With the British National Party grabbing a few headlines at the moment, I thought that I'd offer my own take on the issue of nationality and citizenship as my first WoS post of 2007.
Coming from a pretty multicultural city, I’ve worked alongside people from across the world, some of whom I’ve considered good friends. Most of the time, when either bitching about work or sharing a drink, their ethnicity or their reasons for coming to Britain simply hasn’t struck me as important – a brief topic of conversation, at best.
In a desperate attempt to make my English degree mean something, I like to put this down to my love of reading. Bear with me. On my bookshelves sit cherished works by the likes of Gabriel Garcia Marquez, Anton Chekhov, Franz Kafka, and various other writers from a diverse range of backgrounds. If I’ve learnt only one thing from this esteemed collection of writers (and that’s quite possible) it’s that the character of a person is far more interesting and important than where they come from. Things like nationality or ethnicity don’t define someone, but their outlook on life can.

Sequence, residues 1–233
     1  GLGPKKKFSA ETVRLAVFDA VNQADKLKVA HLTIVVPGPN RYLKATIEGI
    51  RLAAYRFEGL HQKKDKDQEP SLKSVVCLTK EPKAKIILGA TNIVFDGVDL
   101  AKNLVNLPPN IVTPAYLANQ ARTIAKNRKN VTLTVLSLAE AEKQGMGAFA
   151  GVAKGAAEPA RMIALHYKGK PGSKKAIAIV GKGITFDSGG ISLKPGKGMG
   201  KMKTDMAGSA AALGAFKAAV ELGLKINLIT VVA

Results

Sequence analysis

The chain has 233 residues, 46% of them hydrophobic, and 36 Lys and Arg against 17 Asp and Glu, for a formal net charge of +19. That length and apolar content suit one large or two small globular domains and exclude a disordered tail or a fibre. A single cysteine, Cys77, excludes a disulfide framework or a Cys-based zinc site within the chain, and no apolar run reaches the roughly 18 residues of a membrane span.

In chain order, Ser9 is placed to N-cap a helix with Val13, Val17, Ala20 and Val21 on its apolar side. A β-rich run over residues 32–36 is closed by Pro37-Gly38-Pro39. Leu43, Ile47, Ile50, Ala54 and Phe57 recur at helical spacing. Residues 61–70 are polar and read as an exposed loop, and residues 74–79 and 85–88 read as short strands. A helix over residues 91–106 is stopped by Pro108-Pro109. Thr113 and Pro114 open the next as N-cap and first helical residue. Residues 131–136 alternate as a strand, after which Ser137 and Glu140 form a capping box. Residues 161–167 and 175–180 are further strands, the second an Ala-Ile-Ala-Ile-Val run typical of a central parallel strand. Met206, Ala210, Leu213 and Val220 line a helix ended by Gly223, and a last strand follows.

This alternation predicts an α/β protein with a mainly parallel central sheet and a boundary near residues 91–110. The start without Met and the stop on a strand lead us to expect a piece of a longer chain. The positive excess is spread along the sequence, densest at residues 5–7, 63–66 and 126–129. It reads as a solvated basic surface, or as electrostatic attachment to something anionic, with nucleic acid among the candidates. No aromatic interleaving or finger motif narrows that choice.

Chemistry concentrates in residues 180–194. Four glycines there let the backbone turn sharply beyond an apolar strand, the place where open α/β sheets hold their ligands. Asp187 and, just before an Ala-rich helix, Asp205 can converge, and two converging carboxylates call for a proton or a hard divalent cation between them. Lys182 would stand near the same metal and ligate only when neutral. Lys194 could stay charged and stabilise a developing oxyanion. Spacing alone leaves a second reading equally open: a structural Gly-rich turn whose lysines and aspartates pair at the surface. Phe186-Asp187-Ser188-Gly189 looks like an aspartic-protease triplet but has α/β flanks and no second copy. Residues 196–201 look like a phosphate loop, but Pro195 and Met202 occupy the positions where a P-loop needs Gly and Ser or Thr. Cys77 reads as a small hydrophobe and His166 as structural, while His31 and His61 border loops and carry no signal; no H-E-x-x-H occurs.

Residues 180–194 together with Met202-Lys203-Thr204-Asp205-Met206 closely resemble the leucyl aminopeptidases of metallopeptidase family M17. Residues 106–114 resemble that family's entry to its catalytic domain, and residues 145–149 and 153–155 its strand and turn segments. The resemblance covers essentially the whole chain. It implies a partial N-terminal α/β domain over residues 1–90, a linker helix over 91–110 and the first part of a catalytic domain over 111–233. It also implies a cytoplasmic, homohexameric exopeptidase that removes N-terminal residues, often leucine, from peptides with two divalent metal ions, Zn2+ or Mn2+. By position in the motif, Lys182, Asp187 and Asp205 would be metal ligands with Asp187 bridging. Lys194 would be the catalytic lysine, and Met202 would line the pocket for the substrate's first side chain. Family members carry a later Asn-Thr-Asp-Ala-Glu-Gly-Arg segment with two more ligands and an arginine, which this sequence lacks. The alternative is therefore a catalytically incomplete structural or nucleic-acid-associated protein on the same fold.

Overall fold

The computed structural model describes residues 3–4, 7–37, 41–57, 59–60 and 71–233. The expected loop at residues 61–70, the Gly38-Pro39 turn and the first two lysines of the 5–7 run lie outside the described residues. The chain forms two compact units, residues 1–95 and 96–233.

In his excellent essay on identity, ‘Citizens of the World’, K. Anthony Appiah tells us that one of the last pieces of advice his father left him was that, wherever he lived, he should try to leave it “better than you found it”. A perfect motto for the internationalist outlook. That’s what’s important to me: If someone respects their fellow citizens then, regardless of where they came from, I’m more than happy to live alongside them.
I look into the world and i think that we live a great time, where, in a click you can talk to people all around the world. Interested in being a member (click here) or if you just want to leave a short message (click here)